We were spending a week with Sal’s grandmother near Atlanta. Sal’s mom, sister and niece came out to spend the time with us. That meant there were six women and me. They spent their days shopping and hanging out by the pool. I spent my days visiting battlefields and other historical sites.
I knew there was a good chance that this is as close as I’d ever be to the Revolutionary War sites in South Carolina, so I went for it. I left the house at 5:15 am after four hours of sleep. I fortified myself with two caffeine-laden Diet Cokes and a pack of powdered donuts. The most significant event happened at 7:11 when I entered South Carolina for the first time in my life. I actually had to enter North Carolina briefly before dipping back across the state line to Kings Mountain. I got there right at 9:00 just as the park opened.
I was the first visitor of the day and had the visitor center film all to myself. I began walking the trails, taking my time and looking at birds. It was when I had a great chance to photograph a Louisiana Waterthrush that I realized I was out of film. That explains why the other pictures of this park are postcards.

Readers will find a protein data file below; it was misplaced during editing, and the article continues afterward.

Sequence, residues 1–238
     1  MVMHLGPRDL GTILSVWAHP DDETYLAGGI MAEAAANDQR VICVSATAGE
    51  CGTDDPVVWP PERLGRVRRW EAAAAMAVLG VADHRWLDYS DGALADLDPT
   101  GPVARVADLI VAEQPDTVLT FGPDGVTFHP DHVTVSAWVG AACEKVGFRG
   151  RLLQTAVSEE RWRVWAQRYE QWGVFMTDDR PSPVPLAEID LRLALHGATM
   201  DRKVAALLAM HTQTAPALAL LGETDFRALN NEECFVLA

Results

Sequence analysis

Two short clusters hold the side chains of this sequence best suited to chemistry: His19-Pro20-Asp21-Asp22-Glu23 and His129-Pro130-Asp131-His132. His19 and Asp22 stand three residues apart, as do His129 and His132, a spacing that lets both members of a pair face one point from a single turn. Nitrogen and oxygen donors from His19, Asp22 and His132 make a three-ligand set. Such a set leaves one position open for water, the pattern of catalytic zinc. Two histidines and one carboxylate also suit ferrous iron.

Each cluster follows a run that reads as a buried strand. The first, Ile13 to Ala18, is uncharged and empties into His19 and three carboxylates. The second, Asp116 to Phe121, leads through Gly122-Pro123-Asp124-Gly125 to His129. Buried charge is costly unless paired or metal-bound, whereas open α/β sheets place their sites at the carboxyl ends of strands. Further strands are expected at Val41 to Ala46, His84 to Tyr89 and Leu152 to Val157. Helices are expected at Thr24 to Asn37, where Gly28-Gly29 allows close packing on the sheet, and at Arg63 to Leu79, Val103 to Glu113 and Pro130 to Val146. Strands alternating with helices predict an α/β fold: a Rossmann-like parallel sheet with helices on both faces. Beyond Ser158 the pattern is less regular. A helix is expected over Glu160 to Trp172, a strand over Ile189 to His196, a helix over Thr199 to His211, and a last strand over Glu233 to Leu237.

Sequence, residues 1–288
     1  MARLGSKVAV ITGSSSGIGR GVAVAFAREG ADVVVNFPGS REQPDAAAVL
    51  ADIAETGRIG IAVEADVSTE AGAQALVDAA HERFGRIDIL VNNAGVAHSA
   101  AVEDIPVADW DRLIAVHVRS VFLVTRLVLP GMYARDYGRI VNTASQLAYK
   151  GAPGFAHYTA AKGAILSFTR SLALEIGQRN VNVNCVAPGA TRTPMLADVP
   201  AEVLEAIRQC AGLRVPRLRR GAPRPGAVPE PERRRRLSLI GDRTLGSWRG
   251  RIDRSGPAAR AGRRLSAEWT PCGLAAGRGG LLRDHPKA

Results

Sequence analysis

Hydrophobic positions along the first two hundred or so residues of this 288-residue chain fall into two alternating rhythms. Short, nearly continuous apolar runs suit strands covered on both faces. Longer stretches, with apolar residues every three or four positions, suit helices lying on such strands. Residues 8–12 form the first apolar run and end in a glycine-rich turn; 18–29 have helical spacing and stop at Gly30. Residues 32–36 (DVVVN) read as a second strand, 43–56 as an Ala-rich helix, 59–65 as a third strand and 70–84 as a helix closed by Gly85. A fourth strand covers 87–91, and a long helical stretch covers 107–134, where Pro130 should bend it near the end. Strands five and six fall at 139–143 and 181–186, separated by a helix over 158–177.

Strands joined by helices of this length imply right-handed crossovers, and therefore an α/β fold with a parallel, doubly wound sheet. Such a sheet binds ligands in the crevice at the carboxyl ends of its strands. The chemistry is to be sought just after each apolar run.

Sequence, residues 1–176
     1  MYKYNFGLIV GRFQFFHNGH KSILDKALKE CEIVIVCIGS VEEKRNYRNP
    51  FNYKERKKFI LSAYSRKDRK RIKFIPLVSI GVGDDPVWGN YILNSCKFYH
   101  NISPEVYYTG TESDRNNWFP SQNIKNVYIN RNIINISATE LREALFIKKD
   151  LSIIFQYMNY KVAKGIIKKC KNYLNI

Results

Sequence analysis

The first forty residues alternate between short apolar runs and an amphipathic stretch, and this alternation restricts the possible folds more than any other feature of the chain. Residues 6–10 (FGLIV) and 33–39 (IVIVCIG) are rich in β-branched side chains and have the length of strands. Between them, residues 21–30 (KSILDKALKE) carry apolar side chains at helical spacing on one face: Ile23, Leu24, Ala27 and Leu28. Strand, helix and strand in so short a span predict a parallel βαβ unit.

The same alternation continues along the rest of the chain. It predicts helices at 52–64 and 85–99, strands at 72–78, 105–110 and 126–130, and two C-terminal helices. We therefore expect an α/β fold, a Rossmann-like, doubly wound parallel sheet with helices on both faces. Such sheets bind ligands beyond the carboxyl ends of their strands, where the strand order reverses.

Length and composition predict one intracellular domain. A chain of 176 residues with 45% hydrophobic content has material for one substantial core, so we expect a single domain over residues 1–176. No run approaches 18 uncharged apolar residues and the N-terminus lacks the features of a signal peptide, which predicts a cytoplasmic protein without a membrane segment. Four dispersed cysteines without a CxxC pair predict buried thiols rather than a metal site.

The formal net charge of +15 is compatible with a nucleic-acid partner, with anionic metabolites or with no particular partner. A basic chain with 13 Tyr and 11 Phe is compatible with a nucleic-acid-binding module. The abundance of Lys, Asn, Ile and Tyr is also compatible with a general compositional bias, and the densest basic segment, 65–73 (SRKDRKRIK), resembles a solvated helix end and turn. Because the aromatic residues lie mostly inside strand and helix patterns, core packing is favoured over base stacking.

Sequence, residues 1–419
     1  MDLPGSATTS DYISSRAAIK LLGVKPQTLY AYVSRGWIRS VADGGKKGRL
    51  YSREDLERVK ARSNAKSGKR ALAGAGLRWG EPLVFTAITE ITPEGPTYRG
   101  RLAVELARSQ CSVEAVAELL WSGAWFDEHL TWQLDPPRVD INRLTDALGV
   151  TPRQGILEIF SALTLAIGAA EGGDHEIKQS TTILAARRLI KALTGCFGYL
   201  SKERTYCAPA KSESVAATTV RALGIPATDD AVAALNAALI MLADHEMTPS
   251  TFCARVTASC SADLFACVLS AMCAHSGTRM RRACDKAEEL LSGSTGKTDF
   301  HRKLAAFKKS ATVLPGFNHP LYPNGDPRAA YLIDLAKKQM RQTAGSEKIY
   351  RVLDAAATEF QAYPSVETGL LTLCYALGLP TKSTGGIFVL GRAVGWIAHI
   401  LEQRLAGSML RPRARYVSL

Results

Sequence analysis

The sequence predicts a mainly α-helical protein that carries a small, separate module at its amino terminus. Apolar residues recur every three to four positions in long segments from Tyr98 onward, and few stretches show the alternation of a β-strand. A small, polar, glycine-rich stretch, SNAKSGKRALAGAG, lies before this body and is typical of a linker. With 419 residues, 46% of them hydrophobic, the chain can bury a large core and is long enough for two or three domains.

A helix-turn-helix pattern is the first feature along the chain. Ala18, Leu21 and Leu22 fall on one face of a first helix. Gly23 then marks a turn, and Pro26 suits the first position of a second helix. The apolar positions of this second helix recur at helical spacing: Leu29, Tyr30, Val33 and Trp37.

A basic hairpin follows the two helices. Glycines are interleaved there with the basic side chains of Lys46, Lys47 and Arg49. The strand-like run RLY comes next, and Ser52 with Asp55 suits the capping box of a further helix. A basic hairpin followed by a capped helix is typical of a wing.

The battle took place on October 7, 1780. British Colonel Patrick Ferguson defended the hill with a force of Loyalists. The Americans surrounded the hill and made repeated charges up the slopes until they finally captured it. Ferguson was killed. The white obelisk is located on the surrender site.
There were plaques along the trail explaining the events of the battle and a monument where President Hoover dedicated and established the battlefield. I would have liked to have gotten a photo of the Hoover monument. A large crowd, I don’t recall how many (it was 5 figures), came to see him. The site is now in the middle of thick woods, and it is difficult to imagine a crowd that big standing there. I took two hours to walk the trail and was alone most of the time.